Yoga is often portrayed as a solitary practice – just you flowing through poses on your mat. But invite your significant other to share the mat, and yoga transforms into a tool for fostering intimacy between couples.
Partner yoga refers to performing yoga postures in physical contact with another person, focusing on shared movement and breath. This harmonious connection has profound effects on relationships.
Research published in the Journal of Sex & Marital Therapy shows participating in partner yoga for just 8 weeks increases relationship satisfaction across factors like intimacy, trust, passion and communication. Over 80% of couples in the study reported feeling “more emotionally connected and in-tune” with their partner after couple yoga sessions.
Sustained gentle touch triggers the release of oxytocin, the bonding hormone associated with emotional attachment. Partner yoga involves continuous physical contact, boosting oxytocin.
Moving in cohesion requires being acutely aware of your partner’s needs and limitations – the foundation of empathy. As empathy grows, self-centeredness reduces making space for intimacy.
Holding each other in balance during tricky poses makes you feel safe expressing yourself emotionally off the mat too. Lowering defensive walls is key for true intimacy.
Improves Non-Verbal Cues
Following subtle body language to move in sync enhances non-verbal sensitivity. You become more perceptive to your partner’s unspoken messages and needs.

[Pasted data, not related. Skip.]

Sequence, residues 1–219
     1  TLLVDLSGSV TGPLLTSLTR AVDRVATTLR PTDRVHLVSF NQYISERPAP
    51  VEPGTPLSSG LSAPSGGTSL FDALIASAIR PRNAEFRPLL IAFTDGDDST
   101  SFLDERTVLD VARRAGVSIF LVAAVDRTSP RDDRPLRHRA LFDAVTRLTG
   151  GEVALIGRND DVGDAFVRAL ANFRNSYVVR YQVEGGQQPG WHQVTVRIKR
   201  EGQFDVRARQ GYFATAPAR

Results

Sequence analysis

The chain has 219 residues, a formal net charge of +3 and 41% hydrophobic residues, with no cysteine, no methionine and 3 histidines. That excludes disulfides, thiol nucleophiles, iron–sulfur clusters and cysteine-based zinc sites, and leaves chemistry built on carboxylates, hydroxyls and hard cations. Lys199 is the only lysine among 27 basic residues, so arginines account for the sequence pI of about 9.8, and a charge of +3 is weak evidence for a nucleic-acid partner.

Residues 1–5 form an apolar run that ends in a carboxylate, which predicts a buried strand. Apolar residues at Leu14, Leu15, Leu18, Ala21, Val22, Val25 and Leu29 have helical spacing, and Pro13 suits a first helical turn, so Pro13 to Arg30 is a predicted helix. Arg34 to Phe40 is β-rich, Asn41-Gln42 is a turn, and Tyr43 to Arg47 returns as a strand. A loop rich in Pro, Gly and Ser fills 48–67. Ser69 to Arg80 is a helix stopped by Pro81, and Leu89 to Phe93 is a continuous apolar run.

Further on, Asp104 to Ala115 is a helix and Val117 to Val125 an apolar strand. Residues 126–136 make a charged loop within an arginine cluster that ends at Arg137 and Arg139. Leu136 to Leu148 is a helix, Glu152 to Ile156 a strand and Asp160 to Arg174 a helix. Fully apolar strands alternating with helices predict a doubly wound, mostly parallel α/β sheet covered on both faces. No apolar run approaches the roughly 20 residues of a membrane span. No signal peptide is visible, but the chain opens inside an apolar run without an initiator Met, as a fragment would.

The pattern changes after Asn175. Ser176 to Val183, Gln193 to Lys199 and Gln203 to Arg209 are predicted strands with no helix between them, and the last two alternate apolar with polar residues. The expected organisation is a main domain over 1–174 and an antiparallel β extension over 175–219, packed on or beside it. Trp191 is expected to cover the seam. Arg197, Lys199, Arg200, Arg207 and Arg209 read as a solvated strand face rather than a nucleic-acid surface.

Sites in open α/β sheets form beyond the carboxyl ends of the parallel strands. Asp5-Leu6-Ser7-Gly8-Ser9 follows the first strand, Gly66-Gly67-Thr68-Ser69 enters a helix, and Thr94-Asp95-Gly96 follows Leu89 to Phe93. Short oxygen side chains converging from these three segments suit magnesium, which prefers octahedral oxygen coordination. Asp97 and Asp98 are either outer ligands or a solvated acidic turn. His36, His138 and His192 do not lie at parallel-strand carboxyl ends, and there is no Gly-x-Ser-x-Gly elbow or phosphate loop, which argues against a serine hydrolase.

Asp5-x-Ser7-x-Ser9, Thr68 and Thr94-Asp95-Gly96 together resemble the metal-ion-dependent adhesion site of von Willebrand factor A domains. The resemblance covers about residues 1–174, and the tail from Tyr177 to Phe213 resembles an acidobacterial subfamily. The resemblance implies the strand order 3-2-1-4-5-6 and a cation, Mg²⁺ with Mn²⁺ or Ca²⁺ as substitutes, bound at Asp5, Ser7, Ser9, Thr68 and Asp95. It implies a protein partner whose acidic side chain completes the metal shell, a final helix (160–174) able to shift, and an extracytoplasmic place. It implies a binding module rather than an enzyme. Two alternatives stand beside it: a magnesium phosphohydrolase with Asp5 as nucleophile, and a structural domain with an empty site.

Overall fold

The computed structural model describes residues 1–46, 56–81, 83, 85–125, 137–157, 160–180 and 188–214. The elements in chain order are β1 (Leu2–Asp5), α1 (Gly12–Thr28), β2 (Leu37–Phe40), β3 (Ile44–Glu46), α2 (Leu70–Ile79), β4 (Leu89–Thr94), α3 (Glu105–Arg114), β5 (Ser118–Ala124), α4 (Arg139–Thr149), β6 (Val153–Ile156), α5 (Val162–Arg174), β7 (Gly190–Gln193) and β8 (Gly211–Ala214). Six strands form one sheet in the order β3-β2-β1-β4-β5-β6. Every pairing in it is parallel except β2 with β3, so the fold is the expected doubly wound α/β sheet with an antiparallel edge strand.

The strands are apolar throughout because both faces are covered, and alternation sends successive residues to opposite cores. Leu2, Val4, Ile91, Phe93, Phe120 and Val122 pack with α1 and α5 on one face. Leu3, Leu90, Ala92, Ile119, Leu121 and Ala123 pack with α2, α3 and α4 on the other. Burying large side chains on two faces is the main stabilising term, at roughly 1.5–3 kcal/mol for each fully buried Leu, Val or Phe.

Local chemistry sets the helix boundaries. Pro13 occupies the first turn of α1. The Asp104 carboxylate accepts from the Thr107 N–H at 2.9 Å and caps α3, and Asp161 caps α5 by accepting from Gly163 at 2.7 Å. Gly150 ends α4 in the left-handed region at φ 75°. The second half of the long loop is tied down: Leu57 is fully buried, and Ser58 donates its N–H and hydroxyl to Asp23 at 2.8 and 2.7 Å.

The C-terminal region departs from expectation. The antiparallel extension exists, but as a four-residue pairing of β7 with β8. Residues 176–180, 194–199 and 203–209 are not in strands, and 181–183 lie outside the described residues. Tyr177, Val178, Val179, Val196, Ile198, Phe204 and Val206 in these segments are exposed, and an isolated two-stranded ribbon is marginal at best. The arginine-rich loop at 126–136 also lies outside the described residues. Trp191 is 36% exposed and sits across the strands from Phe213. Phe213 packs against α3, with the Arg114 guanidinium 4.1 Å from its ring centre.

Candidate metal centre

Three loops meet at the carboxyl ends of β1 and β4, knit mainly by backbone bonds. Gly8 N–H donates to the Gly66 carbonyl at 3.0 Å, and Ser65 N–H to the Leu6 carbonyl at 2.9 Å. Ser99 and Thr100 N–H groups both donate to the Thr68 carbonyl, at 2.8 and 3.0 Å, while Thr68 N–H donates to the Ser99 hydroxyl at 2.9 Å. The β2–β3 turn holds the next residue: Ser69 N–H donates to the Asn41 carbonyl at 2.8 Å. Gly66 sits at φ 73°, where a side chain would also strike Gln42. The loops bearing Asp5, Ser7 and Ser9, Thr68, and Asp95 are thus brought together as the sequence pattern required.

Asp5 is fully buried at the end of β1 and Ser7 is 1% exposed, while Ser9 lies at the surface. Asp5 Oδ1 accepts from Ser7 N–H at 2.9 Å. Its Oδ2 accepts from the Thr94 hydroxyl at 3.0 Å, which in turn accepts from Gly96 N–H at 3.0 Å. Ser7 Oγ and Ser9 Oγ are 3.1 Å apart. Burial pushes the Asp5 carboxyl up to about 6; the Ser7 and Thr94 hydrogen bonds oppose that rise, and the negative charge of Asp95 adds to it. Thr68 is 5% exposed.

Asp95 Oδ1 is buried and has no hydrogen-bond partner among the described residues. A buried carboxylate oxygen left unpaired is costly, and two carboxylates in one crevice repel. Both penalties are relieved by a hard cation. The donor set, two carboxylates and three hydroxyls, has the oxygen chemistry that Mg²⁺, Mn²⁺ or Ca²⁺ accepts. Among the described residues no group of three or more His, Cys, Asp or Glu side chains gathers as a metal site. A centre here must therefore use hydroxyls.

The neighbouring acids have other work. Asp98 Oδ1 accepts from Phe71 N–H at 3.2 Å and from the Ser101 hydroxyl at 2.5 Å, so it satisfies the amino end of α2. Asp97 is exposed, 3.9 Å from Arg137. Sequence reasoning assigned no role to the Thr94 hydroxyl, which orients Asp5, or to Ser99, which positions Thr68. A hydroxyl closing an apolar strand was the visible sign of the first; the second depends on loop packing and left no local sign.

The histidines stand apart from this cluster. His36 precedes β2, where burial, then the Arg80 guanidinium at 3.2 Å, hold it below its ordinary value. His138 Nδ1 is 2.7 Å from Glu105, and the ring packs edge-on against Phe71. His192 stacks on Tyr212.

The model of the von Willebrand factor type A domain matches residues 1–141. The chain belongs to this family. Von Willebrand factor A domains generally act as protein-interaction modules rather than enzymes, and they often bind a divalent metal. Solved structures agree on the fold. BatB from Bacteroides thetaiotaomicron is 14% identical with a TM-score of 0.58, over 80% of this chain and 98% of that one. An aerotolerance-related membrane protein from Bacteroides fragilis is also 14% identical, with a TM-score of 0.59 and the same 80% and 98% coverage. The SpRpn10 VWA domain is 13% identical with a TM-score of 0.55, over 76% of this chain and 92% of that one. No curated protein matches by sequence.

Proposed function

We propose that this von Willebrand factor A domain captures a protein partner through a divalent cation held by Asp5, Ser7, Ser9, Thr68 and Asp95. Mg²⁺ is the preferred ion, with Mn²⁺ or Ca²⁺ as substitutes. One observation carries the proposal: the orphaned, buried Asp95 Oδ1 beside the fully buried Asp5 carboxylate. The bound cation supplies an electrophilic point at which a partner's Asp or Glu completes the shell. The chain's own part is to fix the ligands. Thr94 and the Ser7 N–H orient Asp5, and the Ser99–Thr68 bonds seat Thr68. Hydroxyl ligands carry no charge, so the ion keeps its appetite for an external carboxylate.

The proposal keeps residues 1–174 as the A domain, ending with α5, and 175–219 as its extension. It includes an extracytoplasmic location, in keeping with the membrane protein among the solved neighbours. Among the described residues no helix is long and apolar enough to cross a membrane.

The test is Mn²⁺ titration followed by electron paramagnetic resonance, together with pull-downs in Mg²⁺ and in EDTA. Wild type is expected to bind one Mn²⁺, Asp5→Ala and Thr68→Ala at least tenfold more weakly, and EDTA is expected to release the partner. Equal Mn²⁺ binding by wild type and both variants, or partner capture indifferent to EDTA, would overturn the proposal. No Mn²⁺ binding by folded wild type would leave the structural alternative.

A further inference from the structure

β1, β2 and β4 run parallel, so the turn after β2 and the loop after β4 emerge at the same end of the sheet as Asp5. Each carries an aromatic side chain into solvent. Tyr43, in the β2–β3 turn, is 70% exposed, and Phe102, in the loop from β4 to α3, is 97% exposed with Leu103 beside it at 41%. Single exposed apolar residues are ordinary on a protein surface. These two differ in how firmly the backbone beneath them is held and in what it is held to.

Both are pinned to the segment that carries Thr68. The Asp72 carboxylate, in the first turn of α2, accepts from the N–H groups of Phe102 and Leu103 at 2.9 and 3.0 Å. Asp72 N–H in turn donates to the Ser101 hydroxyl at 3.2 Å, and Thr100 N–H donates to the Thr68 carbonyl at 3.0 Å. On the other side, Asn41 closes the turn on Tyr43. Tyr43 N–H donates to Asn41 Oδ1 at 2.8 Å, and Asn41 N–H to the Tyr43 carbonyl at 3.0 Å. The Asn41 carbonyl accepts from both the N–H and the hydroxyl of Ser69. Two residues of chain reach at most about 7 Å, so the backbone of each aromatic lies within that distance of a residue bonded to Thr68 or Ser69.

As Elise Browning Miller notes in her book Yoga for Partners, “the intuition, playfulness and sensitivity cultivated in duo practice lays the groundwork for heart-centered relationships.”
Up next, we cover easy starter poses for couples looking to begin a partner yoga journey.
Looking to take up partner yoga with your significant other but don’t know where to begin? It’s wise to start with foundations before attempting fancy acrobatics.
These 8 beginner couple yoga poses establish connection while being gentle on the body – perfect for two people starting their joint yoga practice.
Practice them 3-4 times per week after warming up, flowing smoothly between poses within your comfort zone.
1. Seated Heart Connection
Sit facing each other with knees bent, feet lifted and your thighs touching. Close eyes, hold hands and breathe in unison to feel each other’s energy flow.
2. Back-to-Back Seated Twist
Sit back-to-back with legs crossed. Exhale and use your partner’s counter pressure to gently twist deeper. Releases spinal tension while relying on each other.
3. Bound Eagle Pose
Stand side-by-side, wrap one arm under your partner’s and link hands upon inhalation. Exhale, cross outer legs and sit deeper for balance. Teaches trusting support.
4. Forward Fold Assist
Stand behind your bent over partner. Clasp their hands gently and guide them into a comfortable forward stretch for several breaths. Builds care and understanding.
5. Squat Chest Opener
Face each other a couple feet apart in a wide squat. Press palms together and pulse up and down slightly in the squat, engaging your legs as you stretch chests open. Boosts mobility.
6. Side Plank With Leg Lift
Get into a right side plank while your partner mirrors you. On an exhale, raise your top leg and connect with your partner’s hand for stability. Repeat on the other side. Strengthens focus.
Practice these foundations until you can move as one unit before progressing to more challenging couple poses requiring balance and postural precision.
Ready to begin a journey of intimacy and connection with your significant other through couple yoga? Here are 5 tips to set you up for success:
1. Discuss Expectations Openly
Before your first session, talk honestly about what each of you hopes to achieve via partner yoga. Align your intentions.
2. Take It Slowly
Never force poses to the point of strain. Move steadily into stretches using breaths. Stop if anyone feels discomfort.
3. Prioritize Non-Verbal Cues
Pay more attention to your partner’s body language than verbal instructions. Let go of judgements if poses aren’t perfectly executed.
4. Maintain Loving Touch